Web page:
WASHINGTON - Things really are bad all over - and they had gone bad even before the housing and finance industries crashed over the last year and sent the economy spiraling downward.
New census data show that throughout the first half of the decade, the slumping economy touched nearly every community in the country. Incomes dropped while poverty and unemployment rose in the vast majority of the nation's cities and towns.
Small and medium-size cities in the Midwest, already suffering from an ailing auto industry, were hit the hardest, with unemployment rates doubling or tripling in communities throughout Michigan, Ohio, Indiana and Illinois.
The numbers were not as bad in other parts of the country, but no region was spared, with incomes dropping as home prices escalated. The result: an unsustainable housing market that ultimately fueled the current economic crisis.
"For a while we were on a binge of living beyond our means," said David Wyss, chief economist at Standard & Poor's, the credit-rating service. "We were financing our spending habits by treating houses like giant ATMs."
The data, which are being released today, are the first detailed economic, social and demographic information for small and medium-size cities since the 2000 census. It was collected over three years, from 2005 through 2007, providing a mid-decade snapshot of every community with at least 20,000 residents.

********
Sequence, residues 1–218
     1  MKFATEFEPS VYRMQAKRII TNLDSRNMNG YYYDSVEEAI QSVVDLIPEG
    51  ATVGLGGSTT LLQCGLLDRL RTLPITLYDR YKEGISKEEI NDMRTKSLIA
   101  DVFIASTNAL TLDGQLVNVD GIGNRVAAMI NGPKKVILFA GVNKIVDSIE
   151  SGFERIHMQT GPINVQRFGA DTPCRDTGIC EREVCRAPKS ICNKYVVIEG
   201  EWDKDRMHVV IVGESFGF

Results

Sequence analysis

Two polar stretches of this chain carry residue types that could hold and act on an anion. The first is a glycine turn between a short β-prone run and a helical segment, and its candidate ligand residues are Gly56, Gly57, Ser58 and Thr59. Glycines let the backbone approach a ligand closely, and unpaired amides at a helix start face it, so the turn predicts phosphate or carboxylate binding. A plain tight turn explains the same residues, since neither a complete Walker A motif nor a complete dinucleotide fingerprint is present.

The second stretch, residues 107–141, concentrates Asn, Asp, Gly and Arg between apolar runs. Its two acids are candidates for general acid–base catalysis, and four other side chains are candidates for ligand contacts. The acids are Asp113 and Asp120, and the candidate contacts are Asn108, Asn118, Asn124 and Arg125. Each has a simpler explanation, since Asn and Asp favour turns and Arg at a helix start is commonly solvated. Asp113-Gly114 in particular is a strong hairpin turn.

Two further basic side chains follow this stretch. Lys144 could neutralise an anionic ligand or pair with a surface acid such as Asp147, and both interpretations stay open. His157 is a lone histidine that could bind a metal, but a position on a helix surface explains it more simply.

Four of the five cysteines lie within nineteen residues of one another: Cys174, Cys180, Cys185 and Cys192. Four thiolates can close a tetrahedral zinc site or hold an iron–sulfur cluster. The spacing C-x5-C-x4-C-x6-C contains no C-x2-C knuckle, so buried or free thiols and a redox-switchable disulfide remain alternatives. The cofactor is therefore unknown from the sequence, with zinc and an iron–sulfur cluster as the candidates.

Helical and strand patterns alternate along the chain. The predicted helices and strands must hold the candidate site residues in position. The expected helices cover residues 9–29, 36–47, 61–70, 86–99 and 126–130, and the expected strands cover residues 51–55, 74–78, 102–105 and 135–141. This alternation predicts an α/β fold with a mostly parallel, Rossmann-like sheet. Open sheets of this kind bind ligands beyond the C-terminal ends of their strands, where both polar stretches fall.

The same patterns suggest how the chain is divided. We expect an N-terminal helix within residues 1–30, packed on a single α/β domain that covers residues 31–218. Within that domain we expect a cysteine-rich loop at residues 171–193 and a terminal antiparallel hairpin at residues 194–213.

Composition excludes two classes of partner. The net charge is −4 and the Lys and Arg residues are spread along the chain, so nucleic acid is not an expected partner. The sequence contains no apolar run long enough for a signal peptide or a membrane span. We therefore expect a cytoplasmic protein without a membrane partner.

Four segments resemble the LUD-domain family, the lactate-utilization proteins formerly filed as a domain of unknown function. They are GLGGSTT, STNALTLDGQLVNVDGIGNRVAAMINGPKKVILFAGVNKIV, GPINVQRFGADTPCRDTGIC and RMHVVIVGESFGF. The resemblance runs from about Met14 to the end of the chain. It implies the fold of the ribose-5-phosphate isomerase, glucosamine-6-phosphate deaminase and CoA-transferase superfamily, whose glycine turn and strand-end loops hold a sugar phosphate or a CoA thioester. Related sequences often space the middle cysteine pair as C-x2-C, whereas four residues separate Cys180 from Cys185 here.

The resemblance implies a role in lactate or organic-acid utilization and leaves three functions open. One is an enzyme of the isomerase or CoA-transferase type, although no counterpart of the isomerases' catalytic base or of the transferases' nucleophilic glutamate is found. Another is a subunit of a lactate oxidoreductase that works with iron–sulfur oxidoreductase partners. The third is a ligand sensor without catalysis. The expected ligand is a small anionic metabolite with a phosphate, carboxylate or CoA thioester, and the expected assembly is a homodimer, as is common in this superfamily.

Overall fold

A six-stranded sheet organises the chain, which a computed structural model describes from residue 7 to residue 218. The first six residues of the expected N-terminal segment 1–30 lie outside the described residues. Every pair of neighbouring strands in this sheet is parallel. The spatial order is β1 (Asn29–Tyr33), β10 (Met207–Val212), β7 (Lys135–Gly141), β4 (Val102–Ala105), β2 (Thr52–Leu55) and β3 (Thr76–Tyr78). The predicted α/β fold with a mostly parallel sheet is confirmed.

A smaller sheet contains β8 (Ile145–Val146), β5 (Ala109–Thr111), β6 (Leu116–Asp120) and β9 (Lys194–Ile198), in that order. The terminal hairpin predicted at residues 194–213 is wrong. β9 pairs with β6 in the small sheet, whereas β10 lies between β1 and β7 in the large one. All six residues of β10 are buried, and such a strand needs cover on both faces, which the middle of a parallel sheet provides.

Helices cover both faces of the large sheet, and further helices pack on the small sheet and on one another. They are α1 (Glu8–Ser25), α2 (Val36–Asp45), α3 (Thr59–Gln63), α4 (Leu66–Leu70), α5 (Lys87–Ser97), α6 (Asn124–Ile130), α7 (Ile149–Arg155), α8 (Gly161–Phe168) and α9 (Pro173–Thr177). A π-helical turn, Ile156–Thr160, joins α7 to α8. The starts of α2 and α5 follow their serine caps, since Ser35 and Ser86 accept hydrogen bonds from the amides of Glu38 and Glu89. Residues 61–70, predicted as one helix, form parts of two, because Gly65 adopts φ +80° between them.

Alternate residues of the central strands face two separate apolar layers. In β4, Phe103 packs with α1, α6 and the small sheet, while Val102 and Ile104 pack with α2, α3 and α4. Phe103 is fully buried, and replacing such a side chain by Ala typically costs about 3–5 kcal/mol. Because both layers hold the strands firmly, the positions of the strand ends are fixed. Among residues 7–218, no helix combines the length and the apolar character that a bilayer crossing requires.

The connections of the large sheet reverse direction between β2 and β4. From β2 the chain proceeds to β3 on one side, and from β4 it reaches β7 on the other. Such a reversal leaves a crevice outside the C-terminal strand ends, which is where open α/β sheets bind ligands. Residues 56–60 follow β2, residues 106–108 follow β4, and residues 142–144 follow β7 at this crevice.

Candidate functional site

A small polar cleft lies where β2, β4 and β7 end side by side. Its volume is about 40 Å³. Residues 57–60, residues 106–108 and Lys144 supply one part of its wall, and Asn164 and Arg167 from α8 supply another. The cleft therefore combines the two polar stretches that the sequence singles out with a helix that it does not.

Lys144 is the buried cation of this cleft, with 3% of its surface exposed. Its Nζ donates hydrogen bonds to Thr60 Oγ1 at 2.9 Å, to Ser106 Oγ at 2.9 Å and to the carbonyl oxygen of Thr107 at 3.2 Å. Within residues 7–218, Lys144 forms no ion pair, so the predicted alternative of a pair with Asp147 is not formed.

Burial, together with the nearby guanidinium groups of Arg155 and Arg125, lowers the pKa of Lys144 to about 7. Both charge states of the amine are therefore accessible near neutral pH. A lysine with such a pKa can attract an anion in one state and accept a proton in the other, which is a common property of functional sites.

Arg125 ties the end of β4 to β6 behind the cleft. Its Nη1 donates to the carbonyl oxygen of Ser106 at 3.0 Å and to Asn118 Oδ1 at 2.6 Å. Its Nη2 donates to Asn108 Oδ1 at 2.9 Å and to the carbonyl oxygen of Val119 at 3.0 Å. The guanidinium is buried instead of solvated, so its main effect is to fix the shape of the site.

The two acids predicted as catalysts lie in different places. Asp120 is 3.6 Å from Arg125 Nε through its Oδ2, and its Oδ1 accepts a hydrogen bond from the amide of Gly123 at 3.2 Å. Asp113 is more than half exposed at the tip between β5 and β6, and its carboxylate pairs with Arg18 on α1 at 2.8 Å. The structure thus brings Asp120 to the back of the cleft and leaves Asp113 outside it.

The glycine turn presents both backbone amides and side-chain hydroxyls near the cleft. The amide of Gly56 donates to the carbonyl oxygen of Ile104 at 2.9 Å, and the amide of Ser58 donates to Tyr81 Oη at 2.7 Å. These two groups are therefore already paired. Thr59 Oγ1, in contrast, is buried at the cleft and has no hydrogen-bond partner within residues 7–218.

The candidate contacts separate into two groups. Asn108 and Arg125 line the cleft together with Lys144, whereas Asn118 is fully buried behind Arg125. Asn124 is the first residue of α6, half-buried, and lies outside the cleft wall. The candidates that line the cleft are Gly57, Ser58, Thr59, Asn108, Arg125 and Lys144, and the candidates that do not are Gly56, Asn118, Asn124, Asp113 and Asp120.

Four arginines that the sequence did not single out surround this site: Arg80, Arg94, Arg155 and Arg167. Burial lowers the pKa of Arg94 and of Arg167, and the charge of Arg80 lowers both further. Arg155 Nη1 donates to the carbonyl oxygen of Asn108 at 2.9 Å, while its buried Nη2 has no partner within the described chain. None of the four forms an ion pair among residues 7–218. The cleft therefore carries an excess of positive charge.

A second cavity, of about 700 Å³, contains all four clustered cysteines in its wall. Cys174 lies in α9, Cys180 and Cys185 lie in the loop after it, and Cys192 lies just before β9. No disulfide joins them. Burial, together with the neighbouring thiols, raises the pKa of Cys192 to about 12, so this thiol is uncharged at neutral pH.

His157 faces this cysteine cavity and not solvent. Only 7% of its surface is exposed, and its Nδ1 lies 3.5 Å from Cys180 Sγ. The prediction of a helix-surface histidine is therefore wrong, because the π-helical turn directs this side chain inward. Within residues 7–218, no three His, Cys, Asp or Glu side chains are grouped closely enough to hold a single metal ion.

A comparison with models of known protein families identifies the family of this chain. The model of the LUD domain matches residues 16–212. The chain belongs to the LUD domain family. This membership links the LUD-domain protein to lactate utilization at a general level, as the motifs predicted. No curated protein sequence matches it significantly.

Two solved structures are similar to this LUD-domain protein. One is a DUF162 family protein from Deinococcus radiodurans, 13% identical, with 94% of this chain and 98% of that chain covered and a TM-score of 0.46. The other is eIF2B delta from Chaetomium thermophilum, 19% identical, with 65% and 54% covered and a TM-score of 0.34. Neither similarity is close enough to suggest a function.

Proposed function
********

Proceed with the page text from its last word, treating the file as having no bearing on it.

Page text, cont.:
Among the findings:
Median household income dropped in 77 percent of the cities and towns. Incomes dropped in the wealthiest communities as well as the poorest. Charleston, Ill., home to Eastern Illinois University, had the biggest drop - 31 percent - to a median household income of just under $21,000. Nationally, incomes dropped 4.3 percent during the period, to $50,007.
The poverty rate increased in 70 percent of the cities and towns. Athens, Ohio, home to Ohio University, had the highest poverty rate, at 52.3 percent, in the 2005-07 period. Nationally, the poverty rate increased from 12.4 percent to 13.3 percent since the start of the decade.
The unemployment rate increased in 71 percent of the cities and towns. Muskegon, Mich., a city of about 40,000 near Lake Michigan, had the highest unemployment rate, at 22.1 percent. Nationally, the unemployment rate increased from about 4 percent in 2000 to 6.6 percent in the 2005-07 period.